Restricted grouper reproductive migrations support community-based management

Waldie, Peter A.; Almany, Glenn R.; Sinclair-Taylor, Tane H.; Hamilton, Richard J.; Potuku, Tapas; Priest, Mark A.; Rhodes, Kevin L.; Robinson, Jan; Cinner, Joshua E.; Berumen, Michael L.
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SourceWeb of Science
Volume / Issue3-Mar
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Publication Date16-Mar
Article Date150694
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AbstractConservation commonly requires trade-offs between social and ecological goals. For tropical small-scale fisheries, spatial scales of socially appropriate management are generally small„the median no-take locally managed marine area (LMMA) area throughout the Pacific is less than 1_km2. This is of particular concern for large coral reef fishes, such as many species of grouper, which migrate to aggregations to spawn. Current data suggest that the catchment areas (i.e. total area from which individuals are drawn) of such aggregations are at spatial scales that preclude effective community-based management with no-take LMMAs. We used acoustic telemetry and tag-returns to examine reproductive migrations and catchment areas of the grouper Epinephelus fuscoguttatus at a spawning aggregation in Papua New Guinea. Protection of the resultant catchment area of approximately 16_km2 using a no-take LMMA is socially untenable here and throughout much of the Pacific region. However, we found that spawning migrations were skewed towards shorter distances. Consequently, expanding the current 0.2_km2 no-take LMMA to 1_2_km2 would protect approximately 30_50% of the spawning population throughout the non-spawning season. Contrasting with current knowledge, our results demonstrate that species with moderate reproductive migrations can be managed at scales congruous with spatially restricted management tools.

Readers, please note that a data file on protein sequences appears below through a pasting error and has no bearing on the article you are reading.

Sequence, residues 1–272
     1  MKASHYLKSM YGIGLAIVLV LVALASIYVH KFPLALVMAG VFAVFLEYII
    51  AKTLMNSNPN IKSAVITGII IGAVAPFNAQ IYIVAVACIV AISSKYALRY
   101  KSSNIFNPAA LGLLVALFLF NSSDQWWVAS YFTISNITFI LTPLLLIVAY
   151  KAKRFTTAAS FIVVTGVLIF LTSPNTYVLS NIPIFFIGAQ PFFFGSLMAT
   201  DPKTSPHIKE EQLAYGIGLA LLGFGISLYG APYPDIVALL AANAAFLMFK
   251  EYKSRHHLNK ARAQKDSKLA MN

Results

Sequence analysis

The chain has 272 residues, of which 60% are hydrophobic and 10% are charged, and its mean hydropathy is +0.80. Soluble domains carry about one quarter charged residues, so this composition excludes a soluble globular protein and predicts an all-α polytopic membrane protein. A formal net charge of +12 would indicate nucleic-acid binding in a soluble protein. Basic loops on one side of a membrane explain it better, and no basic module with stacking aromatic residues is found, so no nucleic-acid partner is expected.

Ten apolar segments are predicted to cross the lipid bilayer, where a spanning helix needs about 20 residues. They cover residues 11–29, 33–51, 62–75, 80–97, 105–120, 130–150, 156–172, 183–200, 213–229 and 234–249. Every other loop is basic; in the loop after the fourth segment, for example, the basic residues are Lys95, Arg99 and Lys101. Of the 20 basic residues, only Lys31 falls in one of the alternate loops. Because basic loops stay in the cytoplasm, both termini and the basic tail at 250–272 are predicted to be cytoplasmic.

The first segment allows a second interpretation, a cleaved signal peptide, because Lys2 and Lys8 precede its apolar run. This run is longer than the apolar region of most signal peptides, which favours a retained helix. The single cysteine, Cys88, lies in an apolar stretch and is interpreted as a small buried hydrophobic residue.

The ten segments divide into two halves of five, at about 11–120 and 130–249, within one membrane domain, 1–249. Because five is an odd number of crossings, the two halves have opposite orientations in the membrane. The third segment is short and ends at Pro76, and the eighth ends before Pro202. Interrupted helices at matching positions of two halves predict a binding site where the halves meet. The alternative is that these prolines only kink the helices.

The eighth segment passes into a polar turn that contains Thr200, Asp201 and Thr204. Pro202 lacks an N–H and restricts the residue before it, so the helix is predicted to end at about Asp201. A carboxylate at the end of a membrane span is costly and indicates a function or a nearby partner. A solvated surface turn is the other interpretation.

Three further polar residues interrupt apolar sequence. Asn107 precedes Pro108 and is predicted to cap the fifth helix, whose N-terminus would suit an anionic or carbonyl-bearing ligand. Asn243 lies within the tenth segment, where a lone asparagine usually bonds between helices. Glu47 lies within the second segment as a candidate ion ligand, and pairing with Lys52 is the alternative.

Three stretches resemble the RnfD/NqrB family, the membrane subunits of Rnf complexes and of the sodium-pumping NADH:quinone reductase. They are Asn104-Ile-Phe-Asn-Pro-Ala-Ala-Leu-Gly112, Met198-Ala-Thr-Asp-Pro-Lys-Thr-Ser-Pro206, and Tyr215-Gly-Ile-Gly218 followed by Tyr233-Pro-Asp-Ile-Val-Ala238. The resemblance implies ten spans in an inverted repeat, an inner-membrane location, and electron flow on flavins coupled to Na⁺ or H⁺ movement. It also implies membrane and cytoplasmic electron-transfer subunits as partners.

Created: 12/14/2017 10:30 AM (ET)
Modified: 12/14/2017 10:30 AM (ET)
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